Does this sort of policy translate to “more” freedom or “less”? You can’t say. Freedom is not a scalar quantity. Sometimes actions of the state render one alternative overwhelmingly preferable to any other, and so clearly restrict choice. But the opposite tactic — having the state reshape people’s choice space so that alternatives that become evenly matched and force people to make agonizing tradeoffs, hardly serves the cause of freedom. And in a world of prisoner’s dilemmas, laissez faire policy, leaving the “natural” choice space undisturbed, just turns notional freedom into a figleaf for predictably bad choices and outcomes. People often can and do develop means of cooperating and coordinating to avoid prisoner’s dilemmas without the assistance of states at all, or with forms of assistance that libertarians find unobjectionable, like enforcement of contract. That’s awesome. But the world is full of hard problems with very serious consequences not all of which resolve themselves. It is reasonable that ones enthusiasm for state intervention into the choice space of individuals is conditioned by how prone to corruption and error one thinks the state to be. But it is either simpleminded or cynical to rule out such intervention based on economistic arguments about how choice always improves welfare. That’s simply untrue...

I'll leave the debate aside for the moment.  Having watched the U.S. political and economic elites behavior since 2008, I have my own thoughts on how "ones enthusiasm for state intervention into the choice space of individuals is conditioned by how prone to corruption and error one thinks the state to be" but that is not the point today.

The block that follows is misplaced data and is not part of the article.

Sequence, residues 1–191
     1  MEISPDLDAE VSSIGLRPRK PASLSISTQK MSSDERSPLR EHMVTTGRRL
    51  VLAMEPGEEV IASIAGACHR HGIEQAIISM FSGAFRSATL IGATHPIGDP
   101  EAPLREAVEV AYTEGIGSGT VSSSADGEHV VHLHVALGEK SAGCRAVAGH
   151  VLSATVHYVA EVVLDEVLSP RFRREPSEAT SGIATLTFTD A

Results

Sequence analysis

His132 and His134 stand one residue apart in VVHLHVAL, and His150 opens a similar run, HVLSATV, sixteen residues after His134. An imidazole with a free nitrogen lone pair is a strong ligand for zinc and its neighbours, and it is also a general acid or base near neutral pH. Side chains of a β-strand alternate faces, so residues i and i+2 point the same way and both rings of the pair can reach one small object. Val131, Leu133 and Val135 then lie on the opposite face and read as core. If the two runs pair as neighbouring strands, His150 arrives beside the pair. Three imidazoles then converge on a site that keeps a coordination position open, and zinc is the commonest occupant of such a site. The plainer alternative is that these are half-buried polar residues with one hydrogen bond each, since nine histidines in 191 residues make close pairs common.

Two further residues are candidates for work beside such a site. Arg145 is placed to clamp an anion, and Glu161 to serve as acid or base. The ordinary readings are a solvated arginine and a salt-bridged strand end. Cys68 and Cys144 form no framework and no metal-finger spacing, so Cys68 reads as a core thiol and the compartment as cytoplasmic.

What I want to draw your attention to is how the philosophical framework of tyranny gets constructed.  Messr. Waldman sounds like someone who strongly values liberty and freedom, but that would not stop someone from taking the above general concept and turning it into a pernicious set of laws that would be continually ratched up, preventing freedom of movement to citizens in a Diocletianesque maneuver to keep people "in line" with the goals of Goldman Sachs local governments.  Imagine telling a kid from an inner city background, or someone who has had a very bad experience growing up in a small town that they must pay a stiff tax to move - because it would be better for them and for their peers if they were kept in their place of birth, locked in and expected to work hard to lift others up or because it is for the Greater Good, according to a white guy with an Ivy League education and a tax-funded job?

Keep an eye on the intellectual whirlwinds that will pick up when we reverse this rally.  A few short years from now, you may not recognize your country.

Thursday, March 15, 2012

Speaking of War...

The contributors over at Information Dissemenation are some of the best on the planet when it comes to current thoughts and trends in Naval warfare, so consider the following with care:

Preparing for War
by Galrahn, Information Dissementation
In chess, to achieve checkmate you must first position your pieces properly.